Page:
The Best Way to Cut Up an Orange, No Matter How You’re Using It

Spiced Citrus Punch image

It might seem a little too basic to be talking about how to break down an orange. It isn’t a side of beef. You’ve got peel and you’ve got flesh and some seeds. But citrus is a staple in my house, and I do a lot more cooking with it than eating out of hand. There's an art to peeling citrus: here's a primer on the best way to get the most out of your citrus experience


Cooking dinner shouldn't be complicated


The very outside layer of any citrus fruit is the zest. This is the thin layer of colorful skin before you hit the white pith that is the inner layer of the peel. Zest should be removed in one of two ways, either shaved off in thin strips by a sharp vegetable peeler or removed with a rasp-style grater like a microplane. The essential citrus oils are in the zest, so it allows you to add flavor without the liquid that is added if you use the juice. The white pith, or inner part of the peel, is bitter, so usually recipes that call for zest don’t want any pith involved. The shaved strips are great for cocktails and garnishes and can be cut down into smaller thinner strips or sticks or diced finely. The zest from a microplane is tiny and fluffy and brings intense flavor to a recipe, but also disappears texturally.

Get the recipe: Fresh Citrus Cupcakes With Orange Buttercream



Sometimes you do want the whole peel with the pith included, such as with candied orange peels or marmalade or a garnish for a cocktail. To remove the peel whole, you can either score the fruit with a small paring knife and remove the slices, which they do at bars. But for me and home use, I cut the fruit into slices the width of the peel I want and then just peel it off the rounds or half-moons, which means I then get the fruit to snack on.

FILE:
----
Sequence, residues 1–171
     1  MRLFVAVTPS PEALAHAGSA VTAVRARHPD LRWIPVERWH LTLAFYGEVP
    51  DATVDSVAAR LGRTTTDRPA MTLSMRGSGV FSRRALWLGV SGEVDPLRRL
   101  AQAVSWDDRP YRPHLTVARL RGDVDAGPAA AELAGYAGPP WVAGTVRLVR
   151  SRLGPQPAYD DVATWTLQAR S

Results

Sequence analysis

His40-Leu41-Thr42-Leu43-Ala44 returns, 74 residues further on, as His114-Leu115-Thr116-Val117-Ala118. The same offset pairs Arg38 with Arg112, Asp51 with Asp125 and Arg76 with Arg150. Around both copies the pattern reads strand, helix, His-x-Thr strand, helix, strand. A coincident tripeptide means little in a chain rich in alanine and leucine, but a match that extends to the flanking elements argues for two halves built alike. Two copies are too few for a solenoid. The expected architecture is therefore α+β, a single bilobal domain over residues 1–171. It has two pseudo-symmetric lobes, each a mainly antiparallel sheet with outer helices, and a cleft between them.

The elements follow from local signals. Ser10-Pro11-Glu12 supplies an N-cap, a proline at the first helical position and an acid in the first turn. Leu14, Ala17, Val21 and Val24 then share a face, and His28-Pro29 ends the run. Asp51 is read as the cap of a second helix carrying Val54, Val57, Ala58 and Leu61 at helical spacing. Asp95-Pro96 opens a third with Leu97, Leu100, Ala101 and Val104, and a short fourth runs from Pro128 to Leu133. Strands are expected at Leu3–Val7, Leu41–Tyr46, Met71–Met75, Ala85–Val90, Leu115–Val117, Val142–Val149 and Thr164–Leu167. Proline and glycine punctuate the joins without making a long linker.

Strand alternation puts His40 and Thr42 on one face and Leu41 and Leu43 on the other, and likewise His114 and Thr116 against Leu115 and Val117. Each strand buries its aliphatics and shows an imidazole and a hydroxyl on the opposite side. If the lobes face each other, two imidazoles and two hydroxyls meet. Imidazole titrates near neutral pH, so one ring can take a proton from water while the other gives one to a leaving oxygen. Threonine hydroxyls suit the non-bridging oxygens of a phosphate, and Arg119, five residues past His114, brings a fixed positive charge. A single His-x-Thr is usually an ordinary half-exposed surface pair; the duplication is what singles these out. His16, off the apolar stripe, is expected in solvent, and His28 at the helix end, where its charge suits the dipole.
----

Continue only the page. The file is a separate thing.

Read more: Don’t Toss Your Orange Peels—Make This Easy Marmalade Instead



Slices of the fruit are always meant to be cross-sections, so be sure to slice across the equator of the fruit, with the stem end and blossom end to your right and left. Slices can then be cut easily into half-moons or wedges.

Get the recipe: Orange Slices with Honey and Orange Blossom Water



Wedges are usually designed as a garnish for a cocktail, a squeezable garnish for food, like fish, or a quick snack. There is something deeply satisfying about sticking a wedge of orange in your mouth and digging your teeth between flesh and peel. To wedge any citrus, start by halving from stem end to blossom end, and then slice the half into wedges however thick you need. 

Get the recipe: Mixed Green Salad With Oranges

Supremes and peeled slices


Supreming is a fancy way of saying that you are taking just the flesh out of the fruit, with no peel or membranes. Start by cutting off the top and bottom of the fruit to reveal the flesh. Setting the fruit up on one end, remove the peel and outer layer to reveal the flesh by cutting strips off the outside until you have a fully denuded fruit. At this point you can make slices to use in salads or desserts. If you need true supremes, using your small paring knife make cuts between the flesh and the thin white membrane that separates the segments, which should come out easily. Use these in salads or desserts or as garnish for dishes.

Get the recipe: Saucy Pork Chops With Orange Slices

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